Protesters have blocked access to the Egyptian capital's largest government building and threatened to expand sit-ins to other sites unless authorities speed up reform efforts, including probing alleged abuses during the uprising that toppled President Hosni Mubarak.
The protest encampment underscored the growing frustration that political momentum has stalled since Mubarak's downfall in February.
The protesters want justice for the nearly 900 demonstrators killed by security forces during the uprising and seek a faster pace for trials of corrupt, Mubarak-era figures.
They blocked access to the central government administration building in Tahrir Square, the epicentre of the 18-day uprising. They also halted traffic and threatened to broaden the sit-ins to the nearby Interior Ministry and state TV building if their demands are not met.
On Friday, tens of thousands of people demonstrated in Cairo and several cities across Egypt to protest what they see as the slow pace of the current military rulers to cleanse institutions from Mubarak loyalists. Only several hundred protesters remained at Tahrir Square on Sunday.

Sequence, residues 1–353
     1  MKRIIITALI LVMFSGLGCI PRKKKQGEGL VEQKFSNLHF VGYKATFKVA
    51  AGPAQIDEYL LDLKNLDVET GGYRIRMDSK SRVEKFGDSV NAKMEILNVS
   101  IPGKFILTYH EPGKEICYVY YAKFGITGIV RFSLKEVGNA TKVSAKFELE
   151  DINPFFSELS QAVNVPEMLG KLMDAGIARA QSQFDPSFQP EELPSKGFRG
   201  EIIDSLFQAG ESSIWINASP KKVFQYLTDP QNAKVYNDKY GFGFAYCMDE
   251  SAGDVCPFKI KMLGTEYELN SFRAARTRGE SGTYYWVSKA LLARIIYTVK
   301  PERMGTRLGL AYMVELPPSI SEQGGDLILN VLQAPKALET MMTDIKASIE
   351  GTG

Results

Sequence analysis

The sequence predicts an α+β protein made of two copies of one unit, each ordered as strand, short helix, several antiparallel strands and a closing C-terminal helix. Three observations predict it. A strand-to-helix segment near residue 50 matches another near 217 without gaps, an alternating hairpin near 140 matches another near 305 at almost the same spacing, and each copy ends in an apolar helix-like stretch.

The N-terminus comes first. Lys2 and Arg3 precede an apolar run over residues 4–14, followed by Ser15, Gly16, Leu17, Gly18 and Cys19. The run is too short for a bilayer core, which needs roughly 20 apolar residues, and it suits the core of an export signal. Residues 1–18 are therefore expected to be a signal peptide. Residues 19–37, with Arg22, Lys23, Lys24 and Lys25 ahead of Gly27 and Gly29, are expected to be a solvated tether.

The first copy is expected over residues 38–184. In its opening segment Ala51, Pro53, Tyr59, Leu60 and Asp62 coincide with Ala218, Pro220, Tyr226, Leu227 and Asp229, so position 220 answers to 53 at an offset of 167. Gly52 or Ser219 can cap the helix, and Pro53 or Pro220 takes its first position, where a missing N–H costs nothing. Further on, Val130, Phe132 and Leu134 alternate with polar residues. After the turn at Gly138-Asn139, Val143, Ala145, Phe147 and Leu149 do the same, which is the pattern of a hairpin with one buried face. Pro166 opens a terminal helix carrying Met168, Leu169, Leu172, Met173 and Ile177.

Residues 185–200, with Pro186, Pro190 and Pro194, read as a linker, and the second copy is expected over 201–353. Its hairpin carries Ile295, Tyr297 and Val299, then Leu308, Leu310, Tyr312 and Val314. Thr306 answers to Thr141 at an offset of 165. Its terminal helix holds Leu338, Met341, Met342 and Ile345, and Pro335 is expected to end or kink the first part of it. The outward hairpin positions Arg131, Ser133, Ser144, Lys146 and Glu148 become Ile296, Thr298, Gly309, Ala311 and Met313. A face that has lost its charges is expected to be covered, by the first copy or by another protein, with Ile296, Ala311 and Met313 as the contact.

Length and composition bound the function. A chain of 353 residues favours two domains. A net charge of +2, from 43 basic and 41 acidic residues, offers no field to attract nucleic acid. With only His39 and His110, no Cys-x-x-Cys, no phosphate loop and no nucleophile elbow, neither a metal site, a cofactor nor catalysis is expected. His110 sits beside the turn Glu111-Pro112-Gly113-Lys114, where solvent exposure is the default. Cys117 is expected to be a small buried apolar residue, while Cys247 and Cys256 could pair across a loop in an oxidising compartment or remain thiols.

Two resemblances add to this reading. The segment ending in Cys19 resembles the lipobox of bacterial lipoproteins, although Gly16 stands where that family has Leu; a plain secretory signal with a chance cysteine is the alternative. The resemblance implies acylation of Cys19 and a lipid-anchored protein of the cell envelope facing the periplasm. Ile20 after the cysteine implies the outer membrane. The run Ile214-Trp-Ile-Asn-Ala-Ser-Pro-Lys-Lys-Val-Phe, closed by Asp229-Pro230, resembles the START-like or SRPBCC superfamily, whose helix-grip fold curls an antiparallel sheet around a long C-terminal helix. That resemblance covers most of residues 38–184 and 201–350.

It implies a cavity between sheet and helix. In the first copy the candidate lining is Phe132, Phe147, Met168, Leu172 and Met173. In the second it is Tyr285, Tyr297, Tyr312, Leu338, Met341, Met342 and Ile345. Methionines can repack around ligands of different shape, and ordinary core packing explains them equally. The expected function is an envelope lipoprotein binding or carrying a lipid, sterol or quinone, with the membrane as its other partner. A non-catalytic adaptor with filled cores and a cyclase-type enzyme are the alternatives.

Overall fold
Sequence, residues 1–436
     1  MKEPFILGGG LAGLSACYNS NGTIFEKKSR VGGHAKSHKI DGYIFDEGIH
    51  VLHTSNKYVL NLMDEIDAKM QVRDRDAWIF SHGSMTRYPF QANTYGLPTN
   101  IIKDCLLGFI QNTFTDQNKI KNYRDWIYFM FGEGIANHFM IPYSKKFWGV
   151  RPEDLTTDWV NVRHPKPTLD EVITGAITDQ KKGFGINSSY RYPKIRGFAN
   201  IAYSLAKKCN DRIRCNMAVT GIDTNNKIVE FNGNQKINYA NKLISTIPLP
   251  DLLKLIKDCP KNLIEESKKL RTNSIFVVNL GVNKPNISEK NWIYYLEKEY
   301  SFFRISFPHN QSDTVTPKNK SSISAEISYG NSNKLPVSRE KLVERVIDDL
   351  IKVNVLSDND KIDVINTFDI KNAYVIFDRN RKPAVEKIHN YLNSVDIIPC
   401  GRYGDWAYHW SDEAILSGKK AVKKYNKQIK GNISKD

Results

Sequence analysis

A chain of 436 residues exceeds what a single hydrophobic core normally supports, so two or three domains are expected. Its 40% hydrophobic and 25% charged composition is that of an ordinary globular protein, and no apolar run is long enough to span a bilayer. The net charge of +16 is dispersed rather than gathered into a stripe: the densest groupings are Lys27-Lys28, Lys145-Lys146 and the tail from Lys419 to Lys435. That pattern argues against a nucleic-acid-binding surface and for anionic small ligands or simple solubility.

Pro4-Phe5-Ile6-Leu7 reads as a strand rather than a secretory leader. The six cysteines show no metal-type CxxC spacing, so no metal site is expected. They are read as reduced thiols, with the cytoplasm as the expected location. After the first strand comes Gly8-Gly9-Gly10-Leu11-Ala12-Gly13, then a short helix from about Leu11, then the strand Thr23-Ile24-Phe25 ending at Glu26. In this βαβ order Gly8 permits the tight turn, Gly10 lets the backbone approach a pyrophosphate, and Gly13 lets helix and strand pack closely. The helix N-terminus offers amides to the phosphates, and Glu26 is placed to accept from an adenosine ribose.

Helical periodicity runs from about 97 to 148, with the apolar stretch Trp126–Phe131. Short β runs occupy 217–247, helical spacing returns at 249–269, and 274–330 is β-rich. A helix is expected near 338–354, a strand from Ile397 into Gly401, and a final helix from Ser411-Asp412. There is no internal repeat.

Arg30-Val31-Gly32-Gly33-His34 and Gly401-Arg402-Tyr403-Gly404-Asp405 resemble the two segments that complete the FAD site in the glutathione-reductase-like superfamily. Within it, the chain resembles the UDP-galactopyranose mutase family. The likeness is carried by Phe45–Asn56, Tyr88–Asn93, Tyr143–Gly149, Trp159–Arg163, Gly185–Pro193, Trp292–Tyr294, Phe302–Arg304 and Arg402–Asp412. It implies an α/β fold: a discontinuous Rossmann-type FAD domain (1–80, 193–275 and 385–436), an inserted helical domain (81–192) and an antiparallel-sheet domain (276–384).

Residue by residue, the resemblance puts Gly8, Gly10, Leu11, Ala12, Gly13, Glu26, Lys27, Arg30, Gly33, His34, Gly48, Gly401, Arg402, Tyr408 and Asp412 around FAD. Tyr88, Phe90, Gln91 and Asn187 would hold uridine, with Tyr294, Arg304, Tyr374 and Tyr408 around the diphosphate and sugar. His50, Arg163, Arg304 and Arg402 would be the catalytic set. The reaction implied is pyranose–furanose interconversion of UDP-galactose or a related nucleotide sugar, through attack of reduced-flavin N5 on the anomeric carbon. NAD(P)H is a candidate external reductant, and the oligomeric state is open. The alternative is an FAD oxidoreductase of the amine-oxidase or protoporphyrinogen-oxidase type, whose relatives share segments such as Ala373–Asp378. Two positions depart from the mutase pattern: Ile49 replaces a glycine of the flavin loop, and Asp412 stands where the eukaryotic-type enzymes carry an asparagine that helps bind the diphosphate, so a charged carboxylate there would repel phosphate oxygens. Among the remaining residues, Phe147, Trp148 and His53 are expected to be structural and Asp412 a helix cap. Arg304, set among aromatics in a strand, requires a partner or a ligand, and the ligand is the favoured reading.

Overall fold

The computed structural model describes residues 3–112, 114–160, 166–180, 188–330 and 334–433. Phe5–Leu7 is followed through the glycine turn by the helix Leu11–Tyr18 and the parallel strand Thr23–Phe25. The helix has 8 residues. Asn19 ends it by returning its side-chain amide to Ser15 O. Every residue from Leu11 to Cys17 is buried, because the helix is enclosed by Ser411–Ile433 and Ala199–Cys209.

In the city of Suez, east of the Egyptian capital, protesters have blocked the coastal road linking the Suez Canal city to the Red Sea ports of Safagah and Hurghada, disrupting maritime trade by trapping hundreds of cars and trucks.
Beside justice for the victims of the uprising, the protesters are demanding the resignations of Interior Minister Mansour al-Issawi, who is in charge of the hated police force, and the country's top prosecutor.
They also want to stop military trials for civilians and the release and retrial of civilians convicted by the military tribunals.
In an attempt to step up their campaign, protesters have called for massive, nationwide demonstrations on Tuesday to press their demands.
"We will not leave the square until all our demands are met," said Essam el-Shareef, one of the protest leaders.